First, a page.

Rescuers in India and Nepal looking for survivors of the 6.8 magnitude earthquake worked late into the night on Monday. Military troops dug through rubble in the Indian state of Sikkim and attempted to clear roads after a number of landslides isolated residents in the region.
The quake hit Sunday night, and the death toll has reached 74 people. More than 50 were killed and hundreds injured in Sikkim, as well as in the Indian states of Bengal and Bihar. Nine people were reportedly killed in Nepal, and another seven died in Tibet.
Rescue workers are still hoping to find buried survivors under collapsed buildings, but many fear that the death toll will continue to rise over the next few days.
The situation doesn't look good, an official from the U.N.'s disaster management team in New Delhi told Reuters. My feeling is the death toll and number of injured are going to increase.
Sikkim is India's least populated state, and the landlocked mountainous area is home to roughly 500,000 people. The small population is beneficial because it minimizes causalities and damages, but at the same time makes rescue efforts difficult due to the isolation of many residents.
None of India's 20 nuclear power plants were disturbed by the earthquake, officials said Monday. The nuclear facility closest to the quake's epicenter is the Narora Power Station, some 800 miles to the west.
Most of the damage on Sunday night and Monday morning was the result of violent landslides, and in one six-mile stretch in Sikkim, there were at least 16 landslides. The most impacted area was the city of Mangan, where buildings were destroyed, roads buckled and highways blocked due to debris.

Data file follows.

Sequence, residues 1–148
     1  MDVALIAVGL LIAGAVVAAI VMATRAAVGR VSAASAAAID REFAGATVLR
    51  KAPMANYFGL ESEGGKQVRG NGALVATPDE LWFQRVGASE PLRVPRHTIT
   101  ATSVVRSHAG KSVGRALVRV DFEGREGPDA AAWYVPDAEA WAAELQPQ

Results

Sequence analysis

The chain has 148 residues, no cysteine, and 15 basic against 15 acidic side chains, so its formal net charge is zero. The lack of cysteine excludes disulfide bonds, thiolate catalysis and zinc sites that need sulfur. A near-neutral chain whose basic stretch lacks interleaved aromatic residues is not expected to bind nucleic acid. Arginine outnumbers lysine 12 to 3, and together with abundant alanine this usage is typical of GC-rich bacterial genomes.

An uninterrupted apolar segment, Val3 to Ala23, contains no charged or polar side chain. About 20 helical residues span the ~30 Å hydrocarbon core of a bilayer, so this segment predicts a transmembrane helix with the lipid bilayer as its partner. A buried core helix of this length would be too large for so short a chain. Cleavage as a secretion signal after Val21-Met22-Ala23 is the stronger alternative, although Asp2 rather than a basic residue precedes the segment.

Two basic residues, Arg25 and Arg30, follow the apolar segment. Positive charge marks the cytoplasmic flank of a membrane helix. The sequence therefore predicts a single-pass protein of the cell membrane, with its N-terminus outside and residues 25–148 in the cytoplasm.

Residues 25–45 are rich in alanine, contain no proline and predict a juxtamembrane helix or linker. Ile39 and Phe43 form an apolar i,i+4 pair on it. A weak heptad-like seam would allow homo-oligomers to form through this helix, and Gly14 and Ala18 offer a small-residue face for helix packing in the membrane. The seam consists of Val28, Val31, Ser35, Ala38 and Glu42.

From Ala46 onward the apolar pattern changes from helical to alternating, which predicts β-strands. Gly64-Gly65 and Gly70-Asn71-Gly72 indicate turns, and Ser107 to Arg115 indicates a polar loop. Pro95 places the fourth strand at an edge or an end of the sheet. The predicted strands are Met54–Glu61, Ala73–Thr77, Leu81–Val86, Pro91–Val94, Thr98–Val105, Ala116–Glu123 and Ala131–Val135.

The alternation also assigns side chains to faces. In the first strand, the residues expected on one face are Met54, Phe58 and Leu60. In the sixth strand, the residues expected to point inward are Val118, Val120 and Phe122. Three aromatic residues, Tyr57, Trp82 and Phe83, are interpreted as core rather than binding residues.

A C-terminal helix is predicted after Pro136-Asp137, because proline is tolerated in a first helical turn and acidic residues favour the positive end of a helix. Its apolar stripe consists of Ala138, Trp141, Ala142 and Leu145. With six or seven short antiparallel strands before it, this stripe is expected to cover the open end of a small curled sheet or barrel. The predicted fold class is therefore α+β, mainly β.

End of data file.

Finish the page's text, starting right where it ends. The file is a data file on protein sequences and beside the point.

The quake was followed by 130 after-shocks on Sunday and Monday, the highest measuring 6.1 and 5.3 magnitude on the Richter scale, according to reports.
Most of Sikkim, including the capital city of Gangtok, is considered to be in Zone 4 of the Earthquake Hazard Map of India, and it's therefore designated as being in the High Damage Risk Zone. The city is also nestled between two Zone 5 (highest risk) areas to the east and west.
Earlier this month, Delhi, India was hit by a minor earthquake, sending people running from their homes. On Sept. 7, a 4.2 magnitude quake shook the city just hours after a bomb blast killed 11 and injured dozens more outside the Delhi High Court.
Delhi is also in Zone 4, but there hasn't been a major earthquake in the city's recent history.
Earthquakes in India aren't rare, but a 6.9 magnitude quake is significant. The last major quake on the India-Nepal border occurred in August 1988, when magnitude 6.8 earthquake killed 721 people, injured more than 6,000 and damaged 64,470 buildings in eastern Nepal, including the Kathmandu Valley, according to the U.S. Geological Survey.
Before that, an earthquake in 1934 in Nepal resulted in around 8,000 deaths.
India sits on the Indian Plate, a tectonic plate that has been colliding with the Eurasia Plate for about 50 million years. The Indian Plate is slowly being wedged under Eurasia, pushing up the northern plate, causing it to lift. The tectonic movement created the Himalayan Mountain range, which straddles the collision point among India, Nepal, Tibet and China.
Because of the plates' movements, the Himalayas are growing taller every year.